Brain: Ladies, I need you to help me order. Stomach says she’s empty and the cells are asking for quick energy like cookies, but now I know we have the glucose in the system, it’s just not reaching the cells. Cookies aren’t a good idea because they’ll just raise our blood glucose level even more.
Pancreas: What do we order?
Kidney 1: Water.
Brain: Besides water.
Brain: Protein turns to glucose too, just like cookies.
Kidney 2: But it takes much, much longer to do so. Protein is actually a good idea, Muscle.
Muscle: I need it to repair myself, but yeah, dude, leftovers becoming glucose is cool too.
Pancreas: Speaking of glucose, can we get a little regulation in that department?
Brain: What do you mean?
Pancreas: I mean, it’ll make my job a lot easier if you send in roughly the same amount of glucose at each meal.
Brain: How do I do that? Katie, any ideas?
Katie: There is so much information on a diabetic diet, I don’t know where to start.
Pancreas: Give us the super simple version; we’re hungry now.
Katie. Okay, first let’s talk about portions. Imagine a plate: you’re going to fill one quarter of the plate with protein, one quarter with starches or carbs, and half of the plate with non-starchy vegetables.
Brain: Wait a minute, this sounds just like your diet book.
Katie: The habits that help you lose weight and get healthy are the same habits that help regulate your blood glucose level and control or prevent type two diabetes. A diabetic diet is all about balance and giving your body what it needs. It needs protein, carbohydrates, and vegetables.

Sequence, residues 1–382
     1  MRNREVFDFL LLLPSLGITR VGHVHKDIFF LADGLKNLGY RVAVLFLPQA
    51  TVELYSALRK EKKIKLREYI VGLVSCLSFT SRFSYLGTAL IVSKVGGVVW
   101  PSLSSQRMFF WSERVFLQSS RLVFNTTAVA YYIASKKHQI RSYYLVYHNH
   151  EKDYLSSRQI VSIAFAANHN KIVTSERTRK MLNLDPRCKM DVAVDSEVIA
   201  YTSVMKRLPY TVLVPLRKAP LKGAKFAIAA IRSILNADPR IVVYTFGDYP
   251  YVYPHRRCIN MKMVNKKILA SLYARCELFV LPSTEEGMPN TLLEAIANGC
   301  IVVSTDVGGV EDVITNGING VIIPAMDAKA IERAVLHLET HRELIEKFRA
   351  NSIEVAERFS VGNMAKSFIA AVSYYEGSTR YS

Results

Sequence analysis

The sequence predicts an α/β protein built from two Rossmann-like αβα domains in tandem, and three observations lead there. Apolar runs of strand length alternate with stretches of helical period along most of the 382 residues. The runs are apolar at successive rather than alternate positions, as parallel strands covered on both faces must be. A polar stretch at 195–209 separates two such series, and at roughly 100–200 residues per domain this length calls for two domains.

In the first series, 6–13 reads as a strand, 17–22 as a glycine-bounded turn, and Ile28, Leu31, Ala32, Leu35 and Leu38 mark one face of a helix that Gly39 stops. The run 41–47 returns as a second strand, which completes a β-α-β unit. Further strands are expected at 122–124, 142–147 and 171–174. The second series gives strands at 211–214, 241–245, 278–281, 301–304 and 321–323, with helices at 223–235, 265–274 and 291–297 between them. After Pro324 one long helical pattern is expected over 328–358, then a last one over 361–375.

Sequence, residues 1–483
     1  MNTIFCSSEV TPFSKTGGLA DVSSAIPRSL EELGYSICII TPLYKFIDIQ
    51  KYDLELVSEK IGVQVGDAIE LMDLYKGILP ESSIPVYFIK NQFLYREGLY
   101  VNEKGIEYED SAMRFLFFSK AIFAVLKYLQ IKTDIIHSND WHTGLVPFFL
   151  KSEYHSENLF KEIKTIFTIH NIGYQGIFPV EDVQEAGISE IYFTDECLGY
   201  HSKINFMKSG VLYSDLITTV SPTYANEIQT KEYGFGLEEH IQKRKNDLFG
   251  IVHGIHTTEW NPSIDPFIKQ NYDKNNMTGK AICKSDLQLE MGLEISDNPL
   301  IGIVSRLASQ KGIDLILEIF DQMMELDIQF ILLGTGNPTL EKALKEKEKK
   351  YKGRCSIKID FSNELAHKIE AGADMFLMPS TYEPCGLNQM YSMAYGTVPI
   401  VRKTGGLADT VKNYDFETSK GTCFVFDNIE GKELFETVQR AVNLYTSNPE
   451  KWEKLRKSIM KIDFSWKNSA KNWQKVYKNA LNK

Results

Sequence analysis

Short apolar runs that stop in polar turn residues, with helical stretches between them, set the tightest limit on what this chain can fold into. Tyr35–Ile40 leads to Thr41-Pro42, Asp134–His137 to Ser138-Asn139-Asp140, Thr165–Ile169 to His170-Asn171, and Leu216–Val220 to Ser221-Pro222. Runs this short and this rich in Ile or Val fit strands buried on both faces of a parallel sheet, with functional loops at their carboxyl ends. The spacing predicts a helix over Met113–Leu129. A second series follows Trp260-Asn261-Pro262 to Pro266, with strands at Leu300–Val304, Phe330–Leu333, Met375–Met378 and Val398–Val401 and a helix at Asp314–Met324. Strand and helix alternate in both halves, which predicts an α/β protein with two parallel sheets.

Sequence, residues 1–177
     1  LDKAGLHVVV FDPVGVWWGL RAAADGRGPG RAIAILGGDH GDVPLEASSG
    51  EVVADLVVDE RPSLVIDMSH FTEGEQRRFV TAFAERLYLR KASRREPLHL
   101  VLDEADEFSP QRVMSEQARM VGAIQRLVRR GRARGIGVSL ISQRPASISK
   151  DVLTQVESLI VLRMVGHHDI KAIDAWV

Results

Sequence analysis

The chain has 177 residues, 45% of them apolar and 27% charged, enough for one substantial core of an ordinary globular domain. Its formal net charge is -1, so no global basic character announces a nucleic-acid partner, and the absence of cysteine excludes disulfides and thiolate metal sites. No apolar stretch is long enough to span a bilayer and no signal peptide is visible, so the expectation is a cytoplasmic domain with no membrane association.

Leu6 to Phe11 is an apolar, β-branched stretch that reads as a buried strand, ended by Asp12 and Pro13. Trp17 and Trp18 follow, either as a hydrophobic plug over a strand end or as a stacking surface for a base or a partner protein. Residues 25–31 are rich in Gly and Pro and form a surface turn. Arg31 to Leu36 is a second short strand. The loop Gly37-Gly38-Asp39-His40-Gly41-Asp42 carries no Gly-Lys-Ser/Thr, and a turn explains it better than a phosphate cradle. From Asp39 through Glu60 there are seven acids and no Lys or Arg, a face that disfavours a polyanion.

Brain: Ugh, vegetables. Taste Buds aren’t going to like this.
Katie: They’ll learn to love it.
Muscle: What’s a starch?
Katie: Good question. Starchy foods are complex carbohydrates. Basically, the body breaks it down into glucose and uses it for energy. So you need protein for building and carbs for energy.
Muscle: And the non-starchy vegetables?
Katie: You need vegetables for vitamins, nutrients, fiber, stuff like that. Starchy veggies like potatoes, corn, and peas have more calories and more carbs than non-starchy vegetables like peppers or broccoli. Starchy foods—even starchy vegetables—raise your blood glucose level, so you’re going to pay special attention to them.
Pancreas: Those are the ones I want you to regulate, Brain. Send me the same amount at each meal.
Kidney 1: What else should we look out for?
Katie: Hidden sugar. Foods like cookies obviously have sugar, but dairy and fruit have natural sugars that aren’t bad for you, but will raise your blood glucose level. They’ll make more work for Pancreas.
Pancreas: I don’t like the sound of that. Can’t we slow down how fast the food is turned into glucose?
Katie: Yes, you can. Any time you eat whole grains instead of processed ones, you slow down glucose production. Whole grains have fiber and fiber makes your blood glucose level rise slowly instead of spiking.
Muscle: Yo, Brain dude, can you order me a hoagie already?
Katie: One last thing: stay away from salty processed meats like deli meats and hot dogs.
Muscle: Dude, you’re killing me here!
Katie: Sorry, as a diabetic you need to be extra careful with your heart and your blood pressure. Salt and sodium increase your blood pressure.
Brain: Muscle, how about a chicken breast sandwich with lots of veggies piled on? I want you all to know that I’m going to make some changes around here. We can do this, Ladies. Working together, we can help control Body’s diabetes.
Pancreas: I told you it’s not my fault.
Brain: Don’t start that again, Pancreas, or you’ll be doing push-ups with Muscle.
Bladder: *clears throat* A toast: to a new way of life.
Kidneys, Brain, Pancreas, Muscle, Katie: Hear hear!
For more information about type two diabetes, check out the following articles: